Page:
Today’s IT projects usually represent a major deliverable of a wider enterprise program and their success or failure can have a massive impact on the business.
Many failures in IT projects have their roots in poorly defined requirements, lack of stakeholder engagement, changes in staffing and technology with the passing of time and unsolicited changes that move the goal posts—yet these issues are nothing new. The challenges of long, complex IT projects are well known.
The concept of risk management is gradually seeping into organisations’ approach to IT projects. However, rather than being a bolt-on, it needs to be an integral part of the organisation’s culture. Current best practice is to treat ‘risk’ as an uncertainty that could either be a positive opportunity or a negative threat.
IT projects face a number of challenges in addressing risk and too often there is no clear link between the project and the organisation’s key strategic priorities, including agreed measures of success.
An absence of clear senior leadership, combined with a failure to engage with stakeholders to understand their requirements and perceptions of risk, have presented challenges to many IT projects from the start. Lack of training, knowledge and formal risk tools and techniques are also major challenges; as a starting point it is essential to have an understanding of the organisation’s level of maturity in its management practices and to identify areas where improvements are required.
Best practice risk management
IT projects are notorious for coming in too late or costing too much. Lack of defined objectives is another common cause of project failure. If objectives are ill-defined, this in itself is a source of risk. The process of risk management addresses that; as a starting point, it requires documented objectives. Once objectives are defined, the next step is to look at the threats that would cause those objectives to be defeated or the opportunities that would support the completion of them.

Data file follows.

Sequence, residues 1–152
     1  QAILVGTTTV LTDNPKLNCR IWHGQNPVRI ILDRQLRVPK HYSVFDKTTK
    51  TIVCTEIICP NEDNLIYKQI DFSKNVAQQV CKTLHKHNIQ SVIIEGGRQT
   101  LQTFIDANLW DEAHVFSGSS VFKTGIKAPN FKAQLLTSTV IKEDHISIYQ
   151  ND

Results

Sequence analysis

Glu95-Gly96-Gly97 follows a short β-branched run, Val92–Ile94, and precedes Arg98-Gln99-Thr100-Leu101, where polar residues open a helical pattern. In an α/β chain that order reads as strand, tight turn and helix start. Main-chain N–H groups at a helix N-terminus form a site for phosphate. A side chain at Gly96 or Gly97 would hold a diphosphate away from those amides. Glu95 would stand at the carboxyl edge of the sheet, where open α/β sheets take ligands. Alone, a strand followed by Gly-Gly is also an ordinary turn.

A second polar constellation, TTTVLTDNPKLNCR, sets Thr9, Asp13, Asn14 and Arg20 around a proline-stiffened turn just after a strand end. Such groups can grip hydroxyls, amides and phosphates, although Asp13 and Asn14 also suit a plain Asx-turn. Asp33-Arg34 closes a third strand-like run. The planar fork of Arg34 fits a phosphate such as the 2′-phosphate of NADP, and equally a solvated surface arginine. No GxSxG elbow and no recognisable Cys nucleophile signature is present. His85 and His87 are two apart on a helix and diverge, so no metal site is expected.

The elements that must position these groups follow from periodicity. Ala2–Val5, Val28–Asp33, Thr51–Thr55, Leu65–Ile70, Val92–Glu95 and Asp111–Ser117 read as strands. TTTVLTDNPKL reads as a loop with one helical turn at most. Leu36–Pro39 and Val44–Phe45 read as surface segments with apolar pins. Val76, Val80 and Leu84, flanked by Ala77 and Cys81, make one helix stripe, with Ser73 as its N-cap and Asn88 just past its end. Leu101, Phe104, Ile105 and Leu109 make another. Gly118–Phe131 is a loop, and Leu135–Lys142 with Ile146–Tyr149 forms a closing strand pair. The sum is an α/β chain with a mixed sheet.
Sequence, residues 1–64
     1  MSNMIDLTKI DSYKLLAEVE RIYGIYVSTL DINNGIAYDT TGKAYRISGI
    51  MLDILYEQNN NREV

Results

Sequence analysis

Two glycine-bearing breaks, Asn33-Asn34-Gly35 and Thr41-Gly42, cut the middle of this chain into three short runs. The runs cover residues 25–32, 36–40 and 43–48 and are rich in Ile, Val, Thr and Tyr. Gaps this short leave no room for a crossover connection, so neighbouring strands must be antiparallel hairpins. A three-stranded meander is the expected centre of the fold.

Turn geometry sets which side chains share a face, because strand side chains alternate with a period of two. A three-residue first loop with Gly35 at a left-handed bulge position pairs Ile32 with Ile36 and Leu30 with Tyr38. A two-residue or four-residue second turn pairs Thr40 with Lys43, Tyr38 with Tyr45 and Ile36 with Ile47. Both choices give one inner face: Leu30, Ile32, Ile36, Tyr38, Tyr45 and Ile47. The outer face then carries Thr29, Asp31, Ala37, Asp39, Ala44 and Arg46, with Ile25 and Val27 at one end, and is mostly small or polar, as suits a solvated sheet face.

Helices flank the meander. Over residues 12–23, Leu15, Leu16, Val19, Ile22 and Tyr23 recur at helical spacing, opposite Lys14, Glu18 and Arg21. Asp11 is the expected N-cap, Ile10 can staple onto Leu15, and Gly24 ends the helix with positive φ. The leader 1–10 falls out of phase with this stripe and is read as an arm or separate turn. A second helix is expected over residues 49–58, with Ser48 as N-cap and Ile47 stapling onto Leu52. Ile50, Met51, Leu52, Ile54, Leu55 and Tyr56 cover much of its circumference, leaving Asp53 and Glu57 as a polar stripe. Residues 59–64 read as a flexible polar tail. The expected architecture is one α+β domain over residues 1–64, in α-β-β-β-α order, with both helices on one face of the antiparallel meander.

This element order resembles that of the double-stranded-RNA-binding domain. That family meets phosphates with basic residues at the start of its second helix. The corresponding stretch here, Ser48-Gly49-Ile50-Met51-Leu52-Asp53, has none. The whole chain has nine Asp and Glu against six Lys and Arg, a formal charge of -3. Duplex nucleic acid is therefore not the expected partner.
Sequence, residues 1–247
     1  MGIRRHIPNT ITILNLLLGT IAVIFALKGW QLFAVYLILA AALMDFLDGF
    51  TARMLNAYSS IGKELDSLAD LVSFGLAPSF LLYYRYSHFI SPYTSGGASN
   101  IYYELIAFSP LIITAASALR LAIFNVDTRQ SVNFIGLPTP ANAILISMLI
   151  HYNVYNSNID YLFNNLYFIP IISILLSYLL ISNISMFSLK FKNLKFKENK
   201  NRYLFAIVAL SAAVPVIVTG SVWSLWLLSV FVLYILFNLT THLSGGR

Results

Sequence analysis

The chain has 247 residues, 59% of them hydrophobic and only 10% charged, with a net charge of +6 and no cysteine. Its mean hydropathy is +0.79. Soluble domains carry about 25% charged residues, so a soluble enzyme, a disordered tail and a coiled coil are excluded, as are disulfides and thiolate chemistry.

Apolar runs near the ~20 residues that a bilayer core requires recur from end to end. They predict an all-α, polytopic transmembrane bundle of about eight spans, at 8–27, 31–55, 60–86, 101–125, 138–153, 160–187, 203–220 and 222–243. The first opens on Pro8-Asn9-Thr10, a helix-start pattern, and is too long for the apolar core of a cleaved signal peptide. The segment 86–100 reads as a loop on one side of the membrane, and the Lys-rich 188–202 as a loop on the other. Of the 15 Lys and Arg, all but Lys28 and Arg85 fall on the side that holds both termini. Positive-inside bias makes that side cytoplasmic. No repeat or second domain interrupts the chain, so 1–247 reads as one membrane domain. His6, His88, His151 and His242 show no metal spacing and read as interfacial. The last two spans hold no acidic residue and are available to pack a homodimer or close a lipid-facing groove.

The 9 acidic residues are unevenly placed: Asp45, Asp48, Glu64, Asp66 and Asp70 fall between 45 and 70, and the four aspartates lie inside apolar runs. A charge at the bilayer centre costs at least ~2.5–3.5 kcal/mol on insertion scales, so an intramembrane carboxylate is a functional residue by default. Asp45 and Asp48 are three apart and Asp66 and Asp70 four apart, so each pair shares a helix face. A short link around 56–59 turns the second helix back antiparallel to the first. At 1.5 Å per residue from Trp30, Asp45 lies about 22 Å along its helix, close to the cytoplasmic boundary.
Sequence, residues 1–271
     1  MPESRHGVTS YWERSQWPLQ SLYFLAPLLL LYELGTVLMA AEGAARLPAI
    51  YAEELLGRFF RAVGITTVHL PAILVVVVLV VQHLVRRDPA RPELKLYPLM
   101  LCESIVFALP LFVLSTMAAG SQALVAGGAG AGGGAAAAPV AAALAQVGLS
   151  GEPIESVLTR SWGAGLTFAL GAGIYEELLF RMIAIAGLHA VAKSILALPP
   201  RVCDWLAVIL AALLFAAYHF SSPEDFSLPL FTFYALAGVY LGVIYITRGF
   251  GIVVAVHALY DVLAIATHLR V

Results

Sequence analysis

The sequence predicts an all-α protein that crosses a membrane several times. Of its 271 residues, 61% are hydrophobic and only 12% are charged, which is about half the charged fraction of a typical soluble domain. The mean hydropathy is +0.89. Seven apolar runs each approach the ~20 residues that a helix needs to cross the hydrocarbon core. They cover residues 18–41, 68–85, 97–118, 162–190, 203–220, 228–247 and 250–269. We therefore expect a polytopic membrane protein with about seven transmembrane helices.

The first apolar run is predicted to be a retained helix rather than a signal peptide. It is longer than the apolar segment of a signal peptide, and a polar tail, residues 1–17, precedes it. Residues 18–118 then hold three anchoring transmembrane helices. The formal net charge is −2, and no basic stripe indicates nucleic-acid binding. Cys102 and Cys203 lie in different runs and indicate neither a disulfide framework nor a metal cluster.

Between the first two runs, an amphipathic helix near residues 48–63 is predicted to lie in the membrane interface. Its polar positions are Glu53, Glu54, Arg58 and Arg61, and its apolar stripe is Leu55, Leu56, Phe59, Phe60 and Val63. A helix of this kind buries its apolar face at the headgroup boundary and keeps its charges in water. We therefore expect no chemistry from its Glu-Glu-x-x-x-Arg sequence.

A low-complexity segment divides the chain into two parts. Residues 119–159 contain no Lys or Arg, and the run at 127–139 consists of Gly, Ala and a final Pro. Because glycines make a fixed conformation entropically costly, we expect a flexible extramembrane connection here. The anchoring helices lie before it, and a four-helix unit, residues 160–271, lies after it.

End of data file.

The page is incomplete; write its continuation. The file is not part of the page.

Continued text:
A risk-aware organisation should create a risk framework that includes a defined risk management process enabling IT projects to be implemented with a full understanding of the inherent risks.
The M_o_R Guidance for Practitioners, derived from the ISO310002 guidance on risk offers advice and practical techniques to help develop a best practice approach to risk management. It emphasises setting clear goals and objectives right at the start of a project and agreeing these with sponsors. This is part of the first step in the process, ‘identifying context’, which also includes gaining a clear understanding of stakeholders’ requirements, setting expectations and planning how to maintain the engagement of sponsors.
IT projects can be long and complex, which could give rise to risks caused by the inevitable turnover of resource and loss of pace as new technologies emerge. The guide offers an approach to deal with these types of risks and many more. Commonly at the beginning of a major IT project the sponsor is excited about the project but their interest may wane as other issues capture their attention. Continued commitment is key.
There are also likely to be disagreements at a later stage between suppliers, users or other stakeholders. Someone has to make the call and this is just one of many of the responsibilities of the sponsor. To address this, the M_o_R Guidance provides a complete list of generic risk management roles and responsibilities that can be tailored to suit the project size and complexity.
IT projects also suffer from the risk of uncontrolled changes in scope. Often when software solutions are in development stakeholders will ask for what may look, superficially, like a small tweak. But the change may be complex to code or have wider repercussions. An enlightened organisation will put in place a clearly defined change control procedure that assesses the impact of a change request on time and cost etc. But often they forget to ask, ‘does this present a risk?’—a threat or opportunity.
Poor estimation of time and cost has torpedoed many an IT project. Appropriate estimating techniques should be clearly documented in each project risk management strategy. With risk at the heart of IT project management, supported by practical risk management tools, CIOs will be in a good place to bring in projects painlessly, on time and on budget, whatever life throws at them on the way.